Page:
Sunday, February 1, 2015

Interview with Ritual Magazine

1. Do you see the creation of your work as a ritual that you cannot live without?
I could not see myself not exploring the world around me and engaging it with inquisitiveness and wonder. The art was born from that approach to life. While I feel confident that I could be doing this artform for the rest of my life and always have more to explore, I do not feel bound to the work on beaches. But it is the capacity to express my explorations- that is something that makes my soul sing.

2. How do you begin your creations? Is it always the same process?

Each artwork has its own path and requires its own approach. Generally (when I don't feel rushed by the pressure of the incoming tide) I begin with a few deep chi gong breaths and give thanks to the beach for being available and welcoming. It feels important to me not just to slow down and get centered, but to acknowledge the location, to not take it for granted.

3. What emotions does the creation of your work inspire in you? e.g. tranquility, happiness, peace?

It is interesting how simply being at the beach can be restorative, even a beach in a major city such as San Francisco. Once near the water the rest of the sounds of the city wash away. With bare feet in the sand, breathing fresh ocean air, the mind is cleared and all outside cares dissolve. Once I am in motion, I am highly focused. Someone filming me once remarked that she thought it would look more zen, but instead I am hyperfocused and look serious. From my own perspective, in order to keep everything working together at such a large scale I must been keenly aware of all that is happening and be able to always hold the larger picture. Finishing a piece and seeing it from above is always a happy moment, a sense of accomplishment and pride.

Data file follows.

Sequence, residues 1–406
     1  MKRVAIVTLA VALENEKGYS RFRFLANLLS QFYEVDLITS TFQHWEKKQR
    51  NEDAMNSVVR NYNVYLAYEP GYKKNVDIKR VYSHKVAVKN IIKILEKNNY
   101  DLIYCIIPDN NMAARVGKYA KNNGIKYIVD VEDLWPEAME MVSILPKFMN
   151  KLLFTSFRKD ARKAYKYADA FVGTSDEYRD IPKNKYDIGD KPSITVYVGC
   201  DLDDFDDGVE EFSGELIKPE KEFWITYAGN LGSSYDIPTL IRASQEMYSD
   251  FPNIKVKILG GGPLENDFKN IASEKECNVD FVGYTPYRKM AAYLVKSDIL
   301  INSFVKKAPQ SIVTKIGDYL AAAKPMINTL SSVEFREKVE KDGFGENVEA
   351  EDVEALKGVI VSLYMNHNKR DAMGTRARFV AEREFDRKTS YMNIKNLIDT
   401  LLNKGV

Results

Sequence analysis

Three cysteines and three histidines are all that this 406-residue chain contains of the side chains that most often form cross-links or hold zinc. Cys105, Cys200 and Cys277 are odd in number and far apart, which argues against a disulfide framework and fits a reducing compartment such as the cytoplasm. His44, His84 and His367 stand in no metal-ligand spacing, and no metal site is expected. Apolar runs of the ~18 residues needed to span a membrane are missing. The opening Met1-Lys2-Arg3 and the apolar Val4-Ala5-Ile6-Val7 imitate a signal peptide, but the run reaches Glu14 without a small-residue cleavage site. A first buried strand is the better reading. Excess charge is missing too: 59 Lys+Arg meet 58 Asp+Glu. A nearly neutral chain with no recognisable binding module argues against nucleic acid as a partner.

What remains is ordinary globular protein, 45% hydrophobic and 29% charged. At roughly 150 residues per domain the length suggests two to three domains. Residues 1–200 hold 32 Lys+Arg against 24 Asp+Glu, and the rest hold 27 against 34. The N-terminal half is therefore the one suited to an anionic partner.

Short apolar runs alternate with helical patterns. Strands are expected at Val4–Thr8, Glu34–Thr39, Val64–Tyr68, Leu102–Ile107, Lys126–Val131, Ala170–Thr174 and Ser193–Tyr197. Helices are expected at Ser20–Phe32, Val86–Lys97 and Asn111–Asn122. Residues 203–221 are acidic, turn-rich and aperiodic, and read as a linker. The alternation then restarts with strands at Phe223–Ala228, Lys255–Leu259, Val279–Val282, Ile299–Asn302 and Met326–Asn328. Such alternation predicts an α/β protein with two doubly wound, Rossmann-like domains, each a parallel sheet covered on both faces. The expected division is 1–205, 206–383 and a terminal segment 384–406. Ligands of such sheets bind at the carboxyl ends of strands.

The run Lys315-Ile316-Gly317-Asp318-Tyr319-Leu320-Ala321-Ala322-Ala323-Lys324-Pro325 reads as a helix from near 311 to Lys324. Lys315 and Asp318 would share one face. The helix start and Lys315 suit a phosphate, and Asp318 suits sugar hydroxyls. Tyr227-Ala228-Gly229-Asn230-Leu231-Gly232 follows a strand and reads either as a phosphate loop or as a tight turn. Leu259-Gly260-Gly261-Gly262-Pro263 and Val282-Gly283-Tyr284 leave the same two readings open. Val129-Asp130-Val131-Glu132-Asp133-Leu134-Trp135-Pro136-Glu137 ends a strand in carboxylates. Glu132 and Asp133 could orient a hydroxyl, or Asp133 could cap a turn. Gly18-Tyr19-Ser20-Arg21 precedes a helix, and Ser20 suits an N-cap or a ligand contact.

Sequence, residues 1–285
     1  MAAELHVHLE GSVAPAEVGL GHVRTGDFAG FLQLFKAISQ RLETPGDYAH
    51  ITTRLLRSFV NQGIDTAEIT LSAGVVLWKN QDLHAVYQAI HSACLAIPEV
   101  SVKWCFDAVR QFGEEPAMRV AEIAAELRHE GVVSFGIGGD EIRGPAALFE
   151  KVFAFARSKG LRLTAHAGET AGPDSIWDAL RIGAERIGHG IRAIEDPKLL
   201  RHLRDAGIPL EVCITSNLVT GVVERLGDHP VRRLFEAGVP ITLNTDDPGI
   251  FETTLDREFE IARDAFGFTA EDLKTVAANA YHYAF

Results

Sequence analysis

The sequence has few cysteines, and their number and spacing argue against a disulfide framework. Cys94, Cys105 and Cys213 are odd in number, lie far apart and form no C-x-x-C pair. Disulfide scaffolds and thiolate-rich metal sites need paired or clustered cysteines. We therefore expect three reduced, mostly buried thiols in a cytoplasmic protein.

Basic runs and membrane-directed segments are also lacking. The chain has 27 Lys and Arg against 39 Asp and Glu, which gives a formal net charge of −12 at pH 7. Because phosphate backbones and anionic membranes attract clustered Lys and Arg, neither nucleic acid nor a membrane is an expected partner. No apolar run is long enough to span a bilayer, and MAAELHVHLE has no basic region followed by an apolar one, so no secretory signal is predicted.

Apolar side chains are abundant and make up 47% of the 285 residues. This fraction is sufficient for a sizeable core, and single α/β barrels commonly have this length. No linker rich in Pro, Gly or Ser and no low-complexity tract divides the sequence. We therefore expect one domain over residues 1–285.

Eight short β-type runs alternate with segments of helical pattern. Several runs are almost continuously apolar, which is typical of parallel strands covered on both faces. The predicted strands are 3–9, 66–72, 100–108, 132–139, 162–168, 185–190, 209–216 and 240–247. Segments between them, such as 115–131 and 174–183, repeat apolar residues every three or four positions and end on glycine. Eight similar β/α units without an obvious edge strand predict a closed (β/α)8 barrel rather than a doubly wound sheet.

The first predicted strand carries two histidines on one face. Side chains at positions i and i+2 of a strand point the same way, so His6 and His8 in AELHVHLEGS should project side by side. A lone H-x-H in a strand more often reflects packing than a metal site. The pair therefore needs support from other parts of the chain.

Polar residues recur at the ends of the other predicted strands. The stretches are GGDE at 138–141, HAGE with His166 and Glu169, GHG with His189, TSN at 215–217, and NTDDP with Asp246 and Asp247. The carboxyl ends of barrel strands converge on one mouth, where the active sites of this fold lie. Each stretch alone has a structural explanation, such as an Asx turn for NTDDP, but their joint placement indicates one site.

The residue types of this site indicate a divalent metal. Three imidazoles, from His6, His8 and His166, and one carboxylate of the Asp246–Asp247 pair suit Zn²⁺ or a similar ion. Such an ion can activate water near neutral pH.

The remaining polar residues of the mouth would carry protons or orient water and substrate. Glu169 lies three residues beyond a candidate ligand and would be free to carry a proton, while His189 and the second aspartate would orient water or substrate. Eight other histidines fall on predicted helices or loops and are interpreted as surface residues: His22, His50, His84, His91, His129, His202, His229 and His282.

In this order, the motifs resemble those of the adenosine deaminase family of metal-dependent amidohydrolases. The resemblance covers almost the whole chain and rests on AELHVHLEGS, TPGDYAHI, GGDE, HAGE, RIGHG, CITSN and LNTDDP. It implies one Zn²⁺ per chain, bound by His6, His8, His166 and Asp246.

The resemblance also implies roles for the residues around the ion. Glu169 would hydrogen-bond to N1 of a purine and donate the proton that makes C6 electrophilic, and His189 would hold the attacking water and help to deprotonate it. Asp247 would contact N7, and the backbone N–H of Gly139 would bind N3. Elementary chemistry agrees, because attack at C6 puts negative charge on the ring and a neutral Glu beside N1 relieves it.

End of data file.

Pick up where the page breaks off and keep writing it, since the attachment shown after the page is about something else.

4. How do the seasons affect your work? ie do you work differently in summer and winter?

As it turns out, I don't change my approach, but the beach itself often changes. The winter storms wash away beach sand, flattening the beaches, often extending them, and allowing the high tide to get quite high up the beach. This means more space to work. My largest creations were during the winter. Summer generally means the beach builds back up and so high tide doesn't get as much beach wet. So I schedule my more ambitious projects for the winter time. Other than that, since I work mainly in california, the beach is available year round.

5. What else are you passionate about?

I love studying nature itself- I can be endlessly fascinated by small details that I see all the time every day all around me. I love to examine cultural and modern artforms. I absolutely love Contact Improvisation dance. I am passionate about good eating and good living, being in places that feed my soul and give me energy. I love to explore new places, especially where the mountains meet the shore or where water runs through steep valleys.

6. How does working in silence affect you and the people you are creating with? (and the work)?

When I am working I do so in silence. I do not listen to music, just the sounds of the ocean. It keeps me present to what I am doing. It keeps me centered. It is very easy to make mistakes if one is not being fully attentive. This weekend I am doing my first group artwork (involving others in the art-making) which is intended to be silent. I am looking forward to what this can offer the participants.

7. anything else you would like to say about your work as a ritual?

These days I am dedicating the artworks to something, generally to harmony and upliftment. It has me be aware that everything we do can be a opportunity to send out higher intentions, to work for something beyond whatever is directly in front of us. While it is easy to see a ritual as a specific act, our lives can be seen as a long ritual- full of intention and meaning. Also, ritual can often feel stiff and formal. But I see the act of affirming higher intention as a living act, a celebration of life. Aho!

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